1 Corinthians 15:22 ff.

The meaning of the resurrection as Paul presents it is God’s final and
decisive word on the life of His creature, Adam. It is in the first place
God’s reversal of Adam’s choice of sin and death (1 Cor. 15:22). In the
second place, the resurrection of Christ is a new affirmation of God’s first decision that Adam should live, i.e. an affirmation that goes beyond and transforms the initial gift of life (1 Cor. 15:45).

The work of the Creator, who made Adam, and who brought into being an order of things in which humanity has its place is affirmed once and for all by the resurrection. It would not be inconceivable before the resurrection of Christ for one to wonder if creation was a lost cause. If the creature consistently acted to destroy itself, and with itself the rest of creation, could this mean that God’s handiwork was flawed beyond repair, totaled as it were? The Gnostic hope was redemption from creation rather than redemption of creation. Christianity affirms redemption of the whole, i.e. cosmic redemption (1 Cor. 15:20).

In 1 Corinthians 15:22 Paul affirms that in the resurrection all shall be made alive. The raising of Christ is representative for what God will do for creatures and for the creation. The whole created order is taken up into the representative Man, the Lord Jesus Christ, at this particular moment in history. In proclaiming the resurrection of Christ, the apostle proclaims the resurrection of mankind in Christ and the renewal of all creation with it. Therefore, the Gospel is not world denying (in terms of its being) but incredibly world affirming. This is a broken world. Instead of order we have chaos, a groaning mess. The resurrection is a breaking in, a perforation into history of the firstfruits of the Kingdom of God. The healing, restoring, renewing powers of the Gospel of the Kingdom are here now in part but not yet in fullness.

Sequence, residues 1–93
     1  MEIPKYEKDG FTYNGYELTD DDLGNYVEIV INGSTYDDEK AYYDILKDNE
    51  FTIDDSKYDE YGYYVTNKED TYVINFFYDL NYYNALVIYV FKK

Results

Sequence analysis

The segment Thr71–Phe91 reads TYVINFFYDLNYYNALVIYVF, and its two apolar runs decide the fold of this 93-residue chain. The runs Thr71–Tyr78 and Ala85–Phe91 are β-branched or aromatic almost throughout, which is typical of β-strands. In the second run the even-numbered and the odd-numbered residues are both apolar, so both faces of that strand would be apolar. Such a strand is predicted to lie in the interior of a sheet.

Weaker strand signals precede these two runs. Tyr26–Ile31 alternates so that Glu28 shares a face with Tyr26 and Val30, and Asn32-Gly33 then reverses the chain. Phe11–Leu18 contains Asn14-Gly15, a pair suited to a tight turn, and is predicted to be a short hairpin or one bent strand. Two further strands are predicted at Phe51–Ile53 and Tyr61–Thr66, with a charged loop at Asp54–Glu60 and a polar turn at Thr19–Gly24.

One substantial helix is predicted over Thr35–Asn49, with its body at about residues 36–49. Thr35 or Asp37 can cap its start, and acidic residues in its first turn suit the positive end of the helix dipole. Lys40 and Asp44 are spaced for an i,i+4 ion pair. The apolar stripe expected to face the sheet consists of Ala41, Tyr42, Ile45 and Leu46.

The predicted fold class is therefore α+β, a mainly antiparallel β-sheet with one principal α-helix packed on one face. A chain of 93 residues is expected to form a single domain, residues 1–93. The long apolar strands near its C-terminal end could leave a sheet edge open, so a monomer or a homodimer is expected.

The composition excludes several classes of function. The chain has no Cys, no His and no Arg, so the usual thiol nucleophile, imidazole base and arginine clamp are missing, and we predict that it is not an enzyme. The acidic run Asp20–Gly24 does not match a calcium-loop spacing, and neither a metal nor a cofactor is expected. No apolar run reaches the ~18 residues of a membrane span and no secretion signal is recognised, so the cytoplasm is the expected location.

The incarnation of Jesus Christ (1 Cor. 15:23) is a sign that signifies that God has not given up on humanity and the created order. He stands by it to totally restore it at the last, the consummation. The very act of God which ushers in the Kingdom is the resurrection of Christ from the dead which is a reaffirmation of creation. In the resurrection of Christ creation is restored and the Kingdom of God dawns. The idea of redemption suggests the recovery of something given and lost. Romans 8:19ff affirms that what was given and lost to humanity and the created order will be recovered and transformed.

In the final analysis, redemption is far more that a return to the “status quo.” We are not merely returning to the Garden of Eden but to a city, the new Jerusalem. The transformation of the cosmos is neither a repetition of Eden or the negation of the created order, it is its telos, i.e. its fulfillment. The resurrection of Christ vindicates creation in a twofold way. It redeems it and transforms it. In the glorified, physical humanity of the risen Christ the humanity of Adam is elevated to its supernatural destiny as it is rescued from its subnatural enslavement to sin and death. So the resurrection of Christ is the foundation of our hope (that ache in our souls) for a better world, a world that is the way it is supposed to be. Amen!

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